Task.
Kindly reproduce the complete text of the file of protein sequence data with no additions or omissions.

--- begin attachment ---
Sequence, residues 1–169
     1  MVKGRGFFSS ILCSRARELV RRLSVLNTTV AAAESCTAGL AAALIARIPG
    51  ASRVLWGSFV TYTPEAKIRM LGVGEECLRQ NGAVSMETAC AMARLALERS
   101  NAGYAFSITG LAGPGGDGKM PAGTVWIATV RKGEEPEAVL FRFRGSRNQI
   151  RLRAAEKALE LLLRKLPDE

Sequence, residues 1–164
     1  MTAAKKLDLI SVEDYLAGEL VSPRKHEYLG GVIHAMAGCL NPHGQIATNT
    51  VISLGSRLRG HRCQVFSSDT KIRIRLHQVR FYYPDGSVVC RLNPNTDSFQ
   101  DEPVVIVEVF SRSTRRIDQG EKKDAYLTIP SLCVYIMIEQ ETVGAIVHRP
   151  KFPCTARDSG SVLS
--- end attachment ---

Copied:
Sequence, residues 1–169
     1  MVKGRGFFSS ILCSRARELV RRLSVLNTTV AAAESCTAGL AAALIARIPG
    51  ASRVLWGSFV TYTPEAKIRM LGVGEECLRQ NGAVSMETAC AMARLALERS
   101  NAGYAFSITG LAGPGGDGKM PAGTVWIATV RKGEEPEAVL FRFRGSRNQI
   151  RLRAAEKALE LLLRKLPDE

Sequence, residues 1–164
     1  MTAAKKLDLI SVEDYLAGEL VSPRKHEYLG GVIHAMAGCL NPHGQIATNT
    51  VISLGSRLRG HRCQVFSSDT KIRIRLHQVR FYYPDGSVVC RLNPNTDSFQ
   101  DEPVVIVEVF SRSTRRIDQG EKKDAYLTIP SLCVYIMIEQ ETVGAIVHRP
   151  KFPCTARDSG SVLS